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Tuesday Tributes
The New Prohibitionists

By Charles Olken

I drink to their health. They are saving the world from the 100-point system, from binge drinking, from wines without terroir, from screw caps or corks—depending on who has the floor at any given time.

Yes, there are lots of prohibitions in our business, and they do not all involve overconsumption. But one does, and that is the attempt by the anti-alcohol forces to redefine binge drinking. So, let’s start with Webster. “Binge”, according to Webster and his buddy Merriam is drunken revelry. Now, I don’t know about you, but I have no problem with revelry. Revelry is just fine with me. When it comes to revelry, I am an addict. I have been known to laugh right out loud. “Drunken”, of course is a “horse of a different feather”—as we used to say back in the old neighborhood. Loss of control is not so nice, and certainly “a drunken binge” or a “bender”, as it used to be called, is not anything to be celebrated.

So, when the anti-alcohol folks redefine “binge drinking” as exceeding a blood alcohol of 0.08%, they are trying to rewrite Webster and Merriam. No longer is a binge equated with drunkenness and benders. Now, these folks are trying to tell us that anyone who has a blood alcohol of 0.08% not only should not drive a car but is also guilty of the shameful act of “binge drinking”. We are not talking about wobbly walking or slurred words or even talking too loud. We are talking about two glasses or three glasses of wine. In other words, folks, virtually everyone who is reading this column is a binge drinker according to these Prohibitionists.

It is easy enough to ignore them. They have a problem with moderation. To them, there is no level of alcohol consumption that is acceptable. Sort of reminds me of the folks who would ban the 100-point system.

Now, I don’t blame you if you are now scratching your head and wondering how I could possibly get from A to B with this line of reasoning. Thanks for asking. I am going to tell you.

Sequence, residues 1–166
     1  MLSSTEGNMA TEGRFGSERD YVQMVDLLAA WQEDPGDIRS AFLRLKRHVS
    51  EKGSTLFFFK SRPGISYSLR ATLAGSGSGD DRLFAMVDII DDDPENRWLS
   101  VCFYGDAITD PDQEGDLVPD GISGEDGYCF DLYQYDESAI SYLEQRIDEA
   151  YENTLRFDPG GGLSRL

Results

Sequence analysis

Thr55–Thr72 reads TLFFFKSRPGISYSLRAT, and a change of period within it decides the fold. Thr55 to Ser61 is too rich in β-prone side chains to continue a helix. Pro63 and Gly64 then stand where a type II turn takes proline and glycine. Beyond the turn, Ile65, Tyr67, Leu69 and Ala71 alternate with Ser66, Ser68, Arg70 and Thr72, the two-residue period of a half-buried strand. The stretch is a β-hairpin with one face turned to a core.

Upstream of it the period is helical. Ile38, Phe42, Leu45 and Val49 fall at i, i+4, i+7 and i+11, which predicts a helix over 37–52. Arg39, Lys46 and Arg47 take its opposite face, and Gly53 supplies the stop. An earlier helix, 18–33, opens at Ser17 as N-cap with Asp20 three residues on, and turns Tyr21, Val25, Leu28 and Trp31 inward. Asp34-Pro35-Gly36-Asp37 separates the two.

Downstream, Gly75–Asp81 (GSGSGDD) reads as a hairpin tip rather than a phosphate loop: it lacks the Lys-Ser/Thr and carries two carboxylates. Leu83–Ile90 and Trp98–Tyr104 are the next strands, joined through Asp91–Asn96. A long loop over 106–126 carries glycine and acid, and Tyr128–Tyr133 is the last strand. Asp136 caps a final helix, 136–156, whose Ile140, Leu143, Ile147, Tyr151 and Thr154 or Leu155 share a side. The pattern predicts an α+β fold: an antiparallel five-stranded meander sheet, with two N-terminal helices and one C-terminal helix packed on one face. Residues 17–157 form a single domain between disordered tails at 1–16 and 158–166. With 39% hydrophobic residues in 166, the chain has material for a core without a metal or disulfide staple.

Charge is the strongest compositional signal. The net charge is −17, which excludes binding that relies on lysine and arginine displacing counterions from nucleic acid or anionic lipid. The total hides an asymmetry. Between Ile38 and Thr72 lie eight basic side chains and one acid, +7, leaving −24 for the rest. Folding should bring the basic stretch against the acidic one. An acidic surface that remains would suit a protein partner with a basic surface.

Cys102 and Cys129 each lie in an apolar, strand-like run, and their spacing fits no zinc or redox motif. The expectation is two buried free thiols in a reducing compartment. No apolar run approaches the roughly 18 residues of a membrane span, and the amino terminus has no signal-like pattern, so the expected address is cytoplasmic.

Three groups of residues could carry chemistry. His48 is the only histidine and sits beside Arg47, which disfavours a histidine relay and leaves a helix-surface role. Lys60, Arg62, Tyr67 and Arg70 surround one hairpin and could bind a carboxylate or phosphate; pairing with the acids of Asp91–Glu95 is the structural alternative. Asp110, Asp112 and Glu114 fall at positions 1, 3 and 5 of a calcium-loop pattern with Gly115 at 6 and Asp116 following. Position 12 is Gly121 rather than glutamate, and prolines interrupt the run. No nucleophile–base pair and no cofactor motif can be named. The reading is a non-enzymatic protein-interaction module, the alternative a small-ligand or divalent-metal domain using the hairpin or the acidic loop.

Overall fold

The folks who would ban alcohol object to what it does to some people—mainly those who overindulge and wind up doing things they ought not do—like pickling their insides and destroying their lives. In the name of stopping that human carnage, for that is what it is, the Prohibitionists would ban all alcohol. They do not understand that it is the drunks, not the alcohol, that is the problem. That equation was so obvious during the real Prohibition that, for the first and only time in our country’s history, we actually reversed a Constitutional amendment. No need to relive that story except to note that it was fear of the abusers that brought us to that unholy place and it was those who realized that use does not equate to abuse who finally brought us back.

Those who would ban the 100-point system make a similar argument. It is all about abuse. We must ban the 100-point system because some folks misuse it. Never mind that the movement is being fronted by a winery that used to proudly proclaim its high ratings until it stopped getting them. If people have accidents in cars, we need to ban cars. If planes fall from the sky, we need to ban planes. If wineries get ratings they don’t like, we need to ban the rating system. It is never about the truth with these folks. It is always about their own narrow agendas. Ban alcohol because some people abuse it. Ban the 100-point system because we don’t like the way it gets used.

The point-banners call themselves the Score Revolutionists, and they will undoubtedly be delighted that someone is talking about them. I am okay with that. I want to make sure that we all know what is at stake here. It is not the end of abuse. It is the end of wine ratings. The millions of people who read wine publications or who post on or read the score agglomeration sites like Cellar Tracker and Snooth are guilty of binge drinking by another name if you ask the 100-point haters. They are as surely prohibitionists as those who would ban alcohol. They know better than you. And they see trouble just as surely as those folks back in River City did.

The next time they raise the cry or proclaim that they are inventing an “app” or some other nonsense like that, we need to treat them like the Prohibitionists they are. We need to laugh out loud. Some would call that revelry. Not to worry. It’s okay with me.


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by David Vergari
Posted on:9/21/2011 11:32:09 AM

Either way, we're talking about extremism here.  You made your point as far as this reader is concerned.  Perhaps we'll hear more conversations like the following: Drinker A, "It's a great wine...[renowned wine expert] gave it 95 points!".  Drinker B, "...I could care less."

Wine Talk
by Charlie Olken
Posted on:9/21/2011 11:58:10 AM


I second the notion that wine talk is best when focused on wine. Would that it were always thus, but there are people out there whose narrow agendas would limit our ability to enjoy wine responsibly. If they had their ways, there would be no wine talk because their would be no wine.

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